SE: Lastly, I remember hearing that after Marias had finished the second volume of Your Face Tomorrow, he declared the book complete, and then later caused a bit of a surprise when he wrote a third volume. Is this correct? And if so, did that choice surprise you, and do you consider the work complete now?

MJC: It was always clear that volume 2 could not be the end of the story, because it closes on a “cliffhanger,” as does volume 1. And there are all those loose ends waiting to be tied up!

My understanding is that Javier intended the “trilogy” to appear as one volume (it has recently come out in Spain in the one-volume format he originally wanted). He published it in segments so that the dedicatees–his father, Julián Marías, and Peter Russell (the model for Peter Wheeler)–both in their late eighties at the time, would be able to read the novel as it evolved. Both, alas, died before volume 3 was published. Javier has commented that volume 3 was much longer than he expected it to be, and that the deaths of his father and Peter Russell influenced the way he wrote about them in the final volume (i.e. he wasn’t sure he could have written of their deaths in the novel if they had still been alive in reality).

When I had completed the final version of my translation of volume 3, I wrote to Javier, saying that it was finished and added “always assuming a translation can ever be said to be truly finished,” and he replied–most consolingly–that it was the same with novels. There always comes a point where you simply have to stop. But, yes, I do consider the work to be complete now, and will be most intrigued to see what he writes next. Something quite different I suspect.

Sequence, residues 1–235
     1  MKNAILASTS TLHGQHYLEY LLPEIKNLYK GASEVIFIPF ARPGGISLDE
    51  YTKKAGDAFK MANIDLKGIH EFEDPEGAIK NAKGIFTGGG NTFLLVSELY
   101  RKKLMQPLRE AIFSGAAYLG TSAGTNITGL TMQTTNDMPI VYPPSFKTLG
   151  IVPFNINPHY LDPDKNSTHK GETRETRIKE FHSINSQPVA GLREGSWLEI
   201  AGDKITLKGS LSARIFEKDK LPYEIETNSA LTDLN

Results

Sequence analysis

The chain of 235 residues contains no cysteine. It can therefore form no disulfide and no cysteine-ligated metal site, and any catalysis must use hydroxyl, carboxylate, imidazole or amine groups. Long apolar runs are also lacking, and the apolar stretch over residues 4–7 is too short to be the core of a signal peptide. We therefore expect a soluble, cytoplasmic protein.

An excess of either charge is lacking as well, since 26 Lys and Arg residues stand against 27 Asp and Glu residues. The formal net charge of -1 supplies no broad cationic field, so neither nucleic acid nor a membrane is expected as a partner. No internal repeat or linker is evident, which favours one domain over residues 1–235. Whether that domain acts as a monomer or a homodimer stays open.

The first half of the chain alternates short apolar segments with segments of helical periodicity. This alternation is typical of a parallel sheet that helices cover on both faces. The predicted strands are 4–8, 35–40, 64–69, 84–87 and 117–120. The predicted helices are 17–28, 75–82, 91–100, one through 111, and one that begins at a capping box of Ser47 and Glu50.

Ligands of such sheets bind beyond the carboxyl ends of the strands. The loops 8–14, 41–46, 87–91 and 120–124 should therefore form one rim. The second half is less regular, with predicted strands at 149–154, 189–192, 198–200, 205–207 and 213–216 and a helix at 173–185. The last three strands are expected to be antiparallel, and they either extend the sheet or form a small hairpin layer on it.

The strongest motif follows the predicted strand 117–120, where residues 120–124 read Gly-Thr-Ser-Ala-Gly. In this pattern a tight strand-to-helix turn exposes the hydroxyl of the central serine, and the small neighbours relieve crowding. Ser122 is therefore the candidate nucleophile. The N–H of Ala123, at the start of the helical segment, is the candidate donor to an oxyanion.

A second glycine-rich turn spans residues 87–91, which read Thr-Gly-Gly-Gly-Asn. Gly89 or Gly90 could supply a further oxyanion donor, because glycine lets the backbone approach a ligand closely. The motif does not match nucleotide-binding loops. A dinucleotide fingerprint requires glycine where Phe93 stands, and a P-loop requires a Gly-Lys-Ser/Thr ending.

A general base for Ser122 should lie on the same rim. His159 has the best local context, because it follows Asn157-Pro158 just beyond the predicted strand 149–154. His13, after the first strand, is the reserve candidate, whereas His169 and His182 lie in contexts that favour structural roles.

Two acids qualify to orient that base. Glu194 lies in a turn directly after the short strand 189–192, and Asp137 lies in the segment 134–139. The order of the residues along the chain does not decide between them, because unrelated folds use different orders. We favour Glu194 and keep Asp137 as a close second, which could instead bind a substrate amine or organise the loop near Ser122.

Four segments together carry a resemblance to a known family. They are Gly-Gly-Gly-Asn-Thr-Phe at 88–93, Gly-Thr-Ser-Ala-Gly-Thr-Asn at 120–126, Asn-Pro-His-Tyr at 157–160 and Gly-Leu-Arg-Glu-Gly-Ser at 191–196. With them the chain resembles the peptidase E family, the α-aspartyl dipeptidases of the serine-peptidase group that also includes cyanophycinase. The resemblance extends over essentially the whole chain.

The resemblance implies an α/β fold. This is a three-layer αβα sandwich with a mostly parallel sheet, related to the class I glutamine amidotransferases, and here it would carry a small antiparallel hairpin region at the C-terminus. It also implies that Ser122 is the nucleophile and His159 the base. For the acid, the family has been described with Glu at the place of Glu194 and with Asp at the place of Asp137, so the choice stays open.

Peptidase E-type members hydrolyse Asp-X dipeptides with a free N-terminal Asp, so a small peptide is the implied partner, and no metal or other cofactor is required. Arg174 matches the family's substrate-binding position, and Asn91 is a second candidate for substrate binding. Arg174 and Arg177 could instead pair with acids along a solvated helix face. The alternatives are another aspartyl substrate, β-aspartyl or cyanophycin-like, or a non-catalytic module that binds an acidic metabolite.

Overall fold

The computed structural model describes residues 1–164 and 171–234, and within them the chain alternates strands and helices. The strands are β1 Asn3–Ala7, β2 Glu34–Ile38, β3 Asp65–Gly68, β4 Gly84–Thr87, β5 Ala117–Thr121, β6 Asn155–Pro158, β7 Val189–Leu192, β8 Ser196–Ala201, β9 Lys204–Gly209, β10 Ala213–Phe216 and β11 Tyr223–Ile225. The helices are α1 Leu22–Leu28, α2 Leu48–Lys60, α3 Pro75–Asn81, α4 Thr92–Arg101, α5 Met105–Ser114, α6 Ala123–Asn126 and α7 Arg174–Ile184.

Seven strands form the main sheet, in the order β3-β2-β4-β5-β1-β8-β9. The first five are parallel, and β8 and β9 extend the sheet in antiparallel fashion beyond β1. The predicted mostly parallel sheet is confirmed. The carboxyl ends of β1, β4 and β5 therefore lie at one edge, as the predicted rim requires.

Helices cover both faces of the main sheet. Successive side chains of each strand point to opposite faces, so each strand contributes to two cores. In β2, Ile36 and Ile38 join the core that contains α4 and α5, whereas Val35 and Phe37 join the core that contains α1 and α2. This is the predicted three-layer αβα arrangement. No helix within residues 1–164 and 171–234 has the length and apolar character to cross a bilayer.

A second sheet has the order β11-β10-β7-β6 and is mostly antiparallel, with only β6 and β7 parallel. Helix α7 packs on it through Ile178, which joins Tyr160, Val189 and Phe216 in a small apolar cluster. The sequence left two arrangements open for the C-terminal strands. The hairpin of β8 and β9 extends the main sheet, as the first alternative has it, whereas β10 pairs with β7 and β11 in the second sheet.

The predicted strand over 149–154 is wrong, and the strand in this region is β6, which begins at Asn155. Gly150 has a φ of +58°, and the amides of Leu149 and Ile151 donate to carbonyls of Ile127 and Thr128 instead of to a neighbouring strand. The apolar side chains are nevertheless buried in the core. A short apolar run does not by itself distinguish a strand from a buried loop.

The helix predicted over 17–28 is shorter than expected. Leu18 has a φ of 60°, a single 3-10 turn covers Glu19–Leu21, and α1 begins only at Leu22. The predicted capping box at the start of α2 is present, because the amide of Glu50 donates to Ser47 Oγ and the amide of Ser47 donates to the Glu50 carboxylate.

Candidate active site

The Genius of What Is Possible In English

Fascinating conversation between Adam Kirsch and Ilya Kaminsky on what translation can and can’t do. I’ll grant that Kirsch is well-informed, and his concerns are fair enough, but this response of Kaminsky’s really gets at the inherent error in focusing to exclusivity on the source text w/r/t translation:

But what interests me is not only the genius of the poet translated but also the genius of what is possible in English as it bends to accommodate or digest various new forms. By translating, we learn how the limits of our minds can be stretched to absorb the foreign, and how thereby we are able to make our language beautiful in a new way.

I love that devotion to the “local” in your earlier commentary, and would like to turn the discussion to the idea of influences. How does this inherent local power in English language poetry grow, expand, and learn its own abilities from its constant encounters with the other? What keeps that wonderful poetic (or, at times, anti-poetic) “local” fresh? What allows it to constantly renew itself and not die of incest and boredom?